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  • Cue Tipping????

    This might be hard without video, but I am hoping to get some ideas of what to look for.

    My kid is swinging the bat OK. While he is BA is over .500 for the summer, I can't remember the last time he hit a line drive. He is hitting deep fly balls, or choppers for hits.

    His outs are dink fly balls off the end of the bat or cue tipped balls. It seems to me he is ahead on everything. He is swinging more aggressively than ever. He has hit many close to the fence and has the fever to hit one over.

    Here are two photos, both resulted in deep flyball doubles, but more like a 5 wood high soft landing ball than a driver screaming down the fairway.

    He is playing 10u but just turned 11 a few weeks ago.

    Hitt2.jpgHitt.jpg

  • #2
    More info, average to weak pitching he is hitting around 700, good and above pitching eats him alive. Almost always weak grounders off the end of the bat. The last three at bats against a good pitcher resulted in:

    1. A spinning ball 2 ft foul of third baseline that came in fair right before third base almost heading towards second. The most spin I have ever seen on a ball. Base hit

    2. Another spinner/dinker fly ball that barely cleared the jumping pitcher. Base hit

    3. Check swing K

    Comment


    • #3
      While it could be anything one thing to look for is the plane of the swing, especially near contact. You might want to have him consider exaggerating the follow through in the direction of where he wants the ball to go and on a line drive (more or less think level). In other words he could be hitting "to", being satisfied with contact, rather than 'through". This type of thing could come about by practicing in a cage or hitting in to a net too frequently while neglecting the on field practice. Not saying this is the case but it's something to look for.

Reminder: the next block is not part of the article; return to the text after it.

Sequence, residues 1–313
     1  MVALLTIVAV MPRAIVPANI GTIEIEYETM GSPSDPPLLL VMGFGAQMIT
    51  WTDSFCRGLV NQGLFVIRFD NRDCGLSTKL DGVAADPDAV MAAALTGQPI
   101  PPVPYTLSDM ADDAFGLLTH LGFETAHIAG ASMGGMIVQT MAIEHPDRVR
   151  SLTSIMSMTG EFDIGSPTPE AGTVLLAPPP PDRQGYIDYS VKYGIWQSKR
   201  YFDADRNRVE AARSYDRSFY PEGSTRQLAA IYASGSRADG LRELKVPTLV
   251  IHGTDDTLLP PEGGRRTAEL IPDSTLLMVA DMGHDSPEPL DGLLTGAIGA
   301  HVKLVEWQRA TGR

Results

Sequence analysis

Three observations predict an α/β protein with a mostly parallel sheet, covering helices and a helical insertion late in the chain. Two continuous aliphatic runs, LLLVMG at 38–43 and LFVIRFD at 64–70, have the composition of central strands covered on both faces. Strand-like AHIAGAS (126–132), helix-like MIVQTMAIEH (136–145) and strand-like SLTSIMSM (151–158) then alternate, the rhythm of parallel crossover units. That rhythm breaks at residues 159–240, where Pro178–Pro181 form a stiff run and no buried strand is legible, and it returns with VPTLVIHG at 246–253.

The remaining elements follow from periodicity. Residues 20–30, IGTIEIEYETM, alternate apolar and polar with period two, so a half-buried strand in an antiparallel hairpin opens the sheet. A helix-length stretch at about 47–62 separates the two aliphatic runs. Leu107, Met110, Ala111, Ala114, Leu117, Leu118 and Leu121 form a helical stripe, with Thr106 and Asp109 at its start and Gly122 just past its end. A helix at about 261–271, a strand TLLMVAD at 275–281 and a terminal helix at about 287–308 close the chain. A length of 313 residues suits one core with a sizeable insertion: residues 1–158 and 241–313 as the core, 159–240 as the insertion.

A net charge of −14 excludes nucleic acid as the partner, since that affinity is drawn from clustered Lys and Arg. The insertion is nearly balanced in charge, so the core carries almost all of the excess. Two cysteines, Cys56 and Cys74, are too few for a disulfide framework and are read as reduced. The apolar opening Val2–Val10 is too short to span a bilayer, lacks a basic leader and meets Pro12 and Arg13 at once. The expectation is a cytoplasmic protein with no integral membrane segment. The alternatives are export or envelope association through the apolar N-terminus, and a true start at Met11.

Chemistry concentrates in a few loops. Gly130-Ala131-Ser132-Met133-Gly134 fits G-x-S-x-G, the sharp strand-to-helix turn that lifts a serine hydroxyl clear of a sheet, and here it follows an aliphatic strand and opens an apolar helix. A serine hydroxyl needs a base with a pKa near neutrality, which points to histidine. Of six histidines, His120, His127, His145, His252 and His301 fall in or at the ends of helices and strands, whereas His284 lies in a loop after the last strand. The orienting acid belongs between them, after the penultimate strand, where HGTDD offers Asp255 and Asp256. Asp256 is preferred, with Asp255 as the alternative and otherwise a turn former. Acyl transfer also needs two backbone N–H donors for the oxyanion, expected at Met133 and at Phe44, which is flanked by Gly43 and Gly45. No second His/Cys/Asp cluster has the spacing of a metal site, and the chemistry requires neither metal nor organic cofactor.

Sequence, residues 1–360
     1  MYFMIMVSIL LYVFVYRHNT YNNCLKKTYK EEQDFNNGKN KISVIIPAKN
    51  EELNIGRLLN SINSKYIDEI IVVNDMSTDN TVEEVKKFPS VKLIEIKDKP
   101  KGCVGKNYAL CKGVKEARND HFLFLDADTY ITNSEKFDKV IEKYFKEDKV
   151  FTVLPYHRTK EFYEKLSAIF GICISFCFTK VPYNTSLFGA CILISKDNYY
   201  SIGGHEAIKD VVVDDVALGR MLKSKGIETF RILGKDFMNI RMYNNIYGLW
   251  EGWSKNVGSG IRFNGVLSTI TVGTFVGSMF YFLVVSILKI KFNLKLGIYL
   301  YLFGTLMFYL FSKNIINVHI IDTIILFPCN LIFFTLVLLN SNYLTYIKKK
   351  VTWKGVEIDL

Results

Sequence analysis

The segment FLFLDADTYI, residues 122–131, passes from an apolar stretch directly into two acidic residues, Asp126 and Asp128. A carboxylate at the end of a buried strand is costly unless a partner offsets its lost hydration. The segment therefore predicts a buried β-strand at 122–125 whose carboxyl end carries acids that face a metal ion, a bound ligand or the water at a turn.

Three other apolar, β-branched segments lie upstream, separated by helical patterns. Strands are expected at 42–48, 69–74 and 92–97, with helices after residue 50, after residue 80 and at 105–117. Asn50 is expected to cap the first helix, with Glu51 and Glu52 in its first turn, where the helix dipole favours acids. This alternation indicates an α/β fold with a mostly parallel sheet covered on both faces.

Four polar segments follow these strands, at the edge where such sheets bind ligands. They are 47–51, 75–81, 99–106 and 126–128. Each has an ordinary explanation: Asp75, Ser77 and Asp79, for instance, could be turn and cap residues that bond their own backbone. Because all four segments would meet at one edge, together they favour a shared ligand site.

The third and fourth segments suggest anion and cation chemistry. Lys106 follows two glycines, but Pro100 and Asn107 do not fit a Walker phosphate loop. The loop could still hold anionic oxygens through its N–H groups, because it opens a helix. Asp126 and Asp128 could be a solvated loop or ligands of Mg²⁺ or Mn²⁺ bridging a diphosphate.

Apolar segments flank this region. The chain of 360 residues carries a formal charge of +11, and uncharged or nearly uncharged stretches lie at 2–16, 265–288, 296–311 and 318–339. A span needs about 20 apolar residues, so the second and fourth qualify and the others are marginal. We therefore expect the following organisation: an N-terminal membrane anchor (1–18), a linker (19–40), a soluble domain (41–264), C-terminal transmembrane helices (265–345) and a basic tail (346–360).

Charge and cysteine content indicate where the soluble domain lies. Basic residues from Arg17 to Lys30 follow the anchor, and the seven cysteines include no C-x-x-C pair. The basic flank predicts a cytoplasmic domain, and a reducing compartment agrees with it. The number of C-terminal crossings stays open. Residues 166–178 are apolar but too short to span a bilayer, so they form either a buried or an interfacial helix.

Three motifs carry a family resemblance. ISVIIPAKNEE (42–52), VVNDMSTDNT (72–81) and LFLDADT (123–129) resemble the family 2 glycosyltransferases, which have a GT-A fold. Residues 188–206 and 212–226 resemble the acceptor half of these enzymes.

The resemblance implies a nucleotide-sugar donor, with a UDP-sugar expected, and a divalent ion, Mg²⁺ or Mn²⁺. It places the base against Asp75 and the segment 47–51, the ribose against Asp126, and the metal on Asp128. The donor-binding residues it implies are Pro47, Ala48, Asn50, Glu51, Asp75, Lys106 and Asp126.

A hitter actually-consciously or instinctively- should try to hit a pitch to a particular part of the field. So to be simple, a hitter looks for a pitch down the middle and tries to follow through or chase that pitch back at the pitcher or to center field. "Short" to "long" is the hitting axiom, "long" having to do with after contact is made. There are various drills which can enhance this but certainly the hitter has to first buy in to and try to do it.

      I understand I'm making it sound easy-it's far from easy- and accomplishing what I'm talking about is a career long struggle. There are a lot of factors involved. For example, if a hitter registers in his brain that the pitch is down the middle but the pitch actually breaks away at the end then the end result could be and end of the bat hit. So pitch recognition, obviously, is also a factor.

      Like I said, I'm just speculating. Sometimes hitters forget that the goal is a line drive and not just contact.
      Major Figure

      Comment


      • #4
        Originally posted by real green View Post
        More info, average to weak pitching he is hitting around 700, good and above pitching eats him alive.
        Hey, the above phenomena is true of just about all hitters. When you are facing mostly weak pitchers it is very difficult to adjust to the good pitching. It takes lots of time so patience is required. You have to see a lot of good pitching before you can hit it. Mantle, Mays, and others, I think were about 0 for 30 when they hit the bigs.

        Once the good pitching comes in to play, and once a hitter's eyes have adjusted to it, i.e., they can follow it and they are not afraid, then the mental aspects of hitting really come in to play. When facing good pitching, a hitter has to realize that, basically, he might be overmatched. Fortunately, the ball still has to cross the plate. Not like having to out race Michael Phelps who will beat you every tine.

        In short, there is guess work involved. In one example, if a hitter comes to the conclusion that the "wait and be quick" stuff will not cut it with this guy's fast ball
        then the hitter has choices to make. Fortunately, they are simple choices. But the big thing is that the hitter "knows himself" and has to be able to evaluate the situation. So there is a lot to it. Otherwise, a hitter will just wave at the good pitching, repeating their futility. Happens all the tine.
        Major Figure

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